The Week In Review: Design

Processor vulnerabilities; Arrow buys eInfochips; debug over Type-C.


Security researchers identified a major exploit of the “speculative execution” technique used to optimize performance in modern processors. The flaws allow an attacker to read sensitive information in the system’s memory such as passwords, encryption keys, or sensitive information open in applications, according to Google’s Jann Horn. Multiple researchers discovered the issues independently, including Jann Horn and teams from Cyberus Technology and the Graz University of Technology.

Three known variants of the issue exist, in two categories. Meltdown “exploits side effects of out-of-order execution on modern processors to read arbitrary kernel-memory locations including personal data and passwords,” according to a paper by the researchers. The researchers have verified the exploit on Intel processors dating from 2011.

Meanwhile, Spectre attacks also violate memory isolation boundaries and involve “inducing a victim to speculatively perform operations that would not occur during correct program execution and which leak the victim’s confidential information via a side channel,” according to the paper, which also warns that “speculative execution implementations violate the security assumptions underpinning numerous software security mechanisms.” The researchers have found processors from Intel, AMD, and Arm vulnerable.

A list of official security advisories from affected companies is available. Patches are rolling out for vulnerable processors and operating systems, and Intel expects that by the end of next week, it will have issued updates for more than 90% of processor products introduced within the past five years. Thus far, there are no known instances of the exploits being used in the wild.

Arrow will acquire eInfochips, a design services and IP provider. Founded in 1994, eInfochips is expected to boost Arrow’s IoT platform with the addition of its Snapbricks IoT framework and 1,500 employees. The deal is expected to close this month. Terms were not disclosed.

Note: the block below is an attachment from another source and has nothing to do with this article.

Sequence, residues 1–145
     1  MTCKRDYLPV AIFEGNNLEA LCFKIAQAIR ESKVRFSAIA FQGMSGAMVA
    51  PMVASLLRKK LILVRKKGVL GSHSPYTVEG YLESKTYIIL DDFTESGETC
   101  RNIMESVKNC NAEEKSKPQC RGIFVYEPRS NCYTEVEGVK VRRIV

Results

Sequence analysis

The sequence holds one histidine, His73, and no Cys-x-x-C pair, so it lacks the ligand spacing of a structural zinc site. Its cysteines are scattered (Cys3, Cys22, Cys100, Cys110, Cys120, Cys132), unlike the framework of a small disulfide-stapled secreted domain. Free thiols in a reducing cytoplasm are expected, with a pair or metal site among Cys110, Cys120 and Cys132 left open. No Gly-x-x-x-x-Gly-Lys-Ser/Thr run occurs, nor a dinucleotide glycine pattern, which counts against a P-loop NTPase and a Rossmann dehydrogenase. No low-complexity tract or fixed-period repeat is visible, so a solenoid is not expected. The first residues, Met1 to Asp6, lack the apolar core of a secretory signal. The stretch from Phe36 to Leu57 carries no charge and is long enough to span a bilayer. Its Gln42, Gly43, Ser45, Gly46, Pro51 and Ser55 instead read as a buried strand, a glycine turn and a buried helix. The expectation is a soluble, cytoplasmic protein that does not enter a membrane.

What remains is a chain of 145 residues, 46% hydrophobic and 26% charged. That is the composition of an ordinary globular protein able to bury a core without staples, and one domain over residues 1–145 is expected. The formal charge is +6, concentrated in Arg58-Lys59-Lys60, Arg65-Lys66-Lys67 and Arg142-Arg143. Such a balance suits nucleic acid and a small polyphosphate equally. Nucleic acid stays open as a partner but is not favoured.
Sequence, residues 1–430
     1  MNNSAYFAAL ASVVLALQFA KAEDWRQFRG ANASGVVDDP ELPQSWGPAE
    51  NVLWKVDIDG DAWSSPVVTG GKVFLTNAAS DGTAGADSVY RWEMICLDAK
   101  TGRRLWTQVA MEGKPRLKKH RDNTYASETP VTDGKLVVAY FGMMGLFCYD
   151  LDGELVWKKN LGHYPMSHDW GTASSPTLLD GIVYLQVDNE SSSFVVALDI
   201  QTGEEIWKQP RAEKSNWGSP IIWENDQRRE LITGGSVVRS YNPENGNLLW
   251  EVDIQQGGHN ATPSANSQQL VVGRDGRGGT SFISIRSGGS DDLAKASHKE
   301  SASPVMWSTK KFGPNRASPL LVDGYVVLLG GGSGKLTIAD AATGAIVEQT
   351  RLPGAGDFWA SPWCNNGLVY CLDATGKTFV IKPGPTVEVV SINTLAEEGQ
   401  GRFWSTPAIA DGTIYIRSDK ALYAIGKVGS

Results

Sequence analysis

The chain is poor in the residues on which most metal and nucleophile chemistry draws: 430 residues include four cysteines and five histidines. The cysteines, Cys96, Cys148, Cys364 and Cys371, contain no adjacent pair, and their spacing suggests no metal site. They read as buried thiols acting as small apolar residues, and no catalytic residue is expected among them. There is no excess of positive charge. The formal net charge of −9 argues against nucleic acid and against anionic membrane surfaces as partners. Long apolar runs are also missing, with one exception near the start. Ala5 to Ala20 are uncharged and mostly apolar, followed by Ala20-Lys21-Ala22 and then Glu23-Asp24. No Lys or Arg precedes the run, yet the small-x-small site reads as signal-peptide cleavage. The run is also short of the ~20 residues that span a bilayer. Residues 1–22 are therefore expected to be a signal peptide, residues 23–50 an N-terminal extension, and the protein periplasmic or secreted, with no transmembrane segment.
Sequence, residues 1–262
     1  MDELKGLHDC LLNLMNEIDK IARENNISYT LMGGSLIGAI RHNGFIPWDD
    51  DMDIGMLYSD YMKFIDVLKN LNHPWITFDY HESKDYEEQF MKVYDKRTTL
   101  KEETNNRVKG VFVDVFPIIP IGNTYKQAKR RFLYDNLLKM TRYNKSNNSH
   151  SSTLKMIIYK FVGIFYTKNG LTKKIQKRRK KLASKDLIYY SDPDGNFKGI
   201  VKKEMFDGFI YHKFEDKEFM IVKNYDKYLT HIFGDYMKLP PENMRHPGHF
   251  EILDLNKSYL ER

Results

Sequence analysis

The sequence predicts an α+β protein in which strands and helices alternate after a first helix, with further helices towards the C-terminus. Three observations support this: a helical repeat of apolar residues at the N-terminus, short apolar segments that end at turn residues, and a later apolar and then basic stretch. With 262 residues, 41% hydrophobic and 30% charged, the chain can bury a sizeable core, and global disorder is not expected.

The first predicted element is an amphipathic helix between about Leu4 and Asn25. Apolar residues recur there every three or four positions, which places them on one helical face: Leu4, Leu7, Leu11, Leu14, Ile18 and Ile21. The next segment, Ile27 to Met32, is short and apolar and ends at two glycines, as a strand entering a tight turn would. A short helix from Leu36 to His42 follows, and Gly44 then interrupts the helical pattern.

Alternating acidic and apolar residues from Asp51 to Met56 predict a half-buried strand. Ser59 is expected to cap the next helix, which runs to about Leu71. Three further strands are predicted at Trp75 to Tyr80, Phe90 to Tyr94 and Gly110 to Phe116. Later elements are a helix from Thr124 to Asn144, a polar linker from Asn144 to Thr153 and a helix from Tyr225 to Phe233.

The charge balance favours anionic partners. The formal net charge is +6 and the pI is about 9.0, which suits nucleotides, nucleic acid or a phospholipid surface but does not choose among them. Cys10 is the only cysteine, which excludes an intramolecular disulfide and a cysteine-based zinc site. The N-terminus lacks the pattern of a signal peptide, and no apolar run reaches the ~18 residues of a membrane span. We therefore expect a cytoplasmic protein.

The MIPI Alliance updated its Narrow Interface for Debug and Test specification. MIPI NIDnT v1.2 enables using USB Type-C v1.2 “alternate modes” to facilitate debug and test over USB Type-C pins. According to Enrico Carrieri, chair of the MIPI Debug Working Group, “Developers do not need to be experts on USB Type-C to use the specification. Those who are familiar with MIPI NIDnT will find that the debug and test concepts haven’t changed. The specification simply adds capability to use USB Type-C.”

Also released was the MIPI Discovery and Configuration Specification for Narrow Interface for Debug and Test v1.0 (MIPI DisCo for NIDnT v1.0), a standardized software tool for test device software to discover and configure the hardware debug and test capabilities enabled by MIPI NIDnT.


Fact Cheq says:

My Lenovo tablet has officially died because of this new debugging issue. And when I went to check my sys log in a reboot, the information that was being shared was astronomical and completely messed up. Then to top everything off, as I was taking photos of all the logs, I was witnessing the live deletion of all of the logs and the servers leaving. It was completely mind blowing & now, no matter what, the tablet will no longer power on. And all I did was read the logs. But they knew that. Privacy is beyond officially OVER WITH. Forget the type c connectivity. I’ll stick with my iPhone lightning port AND Apple products. This is beyond ratchet.

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